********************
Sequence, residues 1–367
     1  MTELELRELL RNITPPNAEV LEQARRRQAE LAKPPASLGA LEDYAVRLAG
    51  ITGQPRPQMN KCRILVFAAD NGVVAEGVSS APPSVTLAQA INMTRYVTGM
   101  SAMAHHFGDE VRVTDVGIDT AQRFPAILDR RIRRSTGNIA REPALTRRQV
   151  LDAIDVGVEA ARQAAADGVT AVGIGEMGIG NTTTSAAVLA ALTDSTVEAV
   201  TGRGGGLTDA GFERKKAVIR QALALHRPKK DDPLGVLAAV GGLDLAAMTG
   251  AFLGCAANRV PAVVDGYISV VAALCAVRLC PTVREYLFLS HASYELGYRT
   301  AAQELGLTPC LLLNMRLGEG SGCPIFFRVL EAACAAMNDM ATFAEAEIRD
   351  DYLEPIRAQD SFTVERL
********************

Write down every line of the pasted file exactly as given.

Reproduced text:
Sequence, residues 1–367
     1  MTELELRELL RNITPPNAEV LEQARRRQAE LAKPPASLGA LEDYAVRLAG
    51  ITGQPRPQMN KCRILVFAAD NGVVAEGVSS APPSVTLAQA INMTRYVTGM
   101  SAMAHHFGDE VRVTDVGIDT AQRFPAILDR RIRRSTGNIA REPALTRRQV
   151  LDAIDVGVEA ARQAAADGVT AVGIGEMGIG NTTTSAAVLA ALTDSTVEAV
   201  TGRGGGLTDA GFERKKAVIR QALALHRPKK DDPLGVLAAV GGLDLAAMTG
   251  AFLGCAANRV PAVVDGYISV VAALCAVRLC PTVREYLFLS HASYELGYRT
   301  AAQELGLTPC LLLNMRLGEG SGCPIFFRVL EAACAAMNDM ATFAEAEIRD
   351  DYLEPIRAQD SFTVERL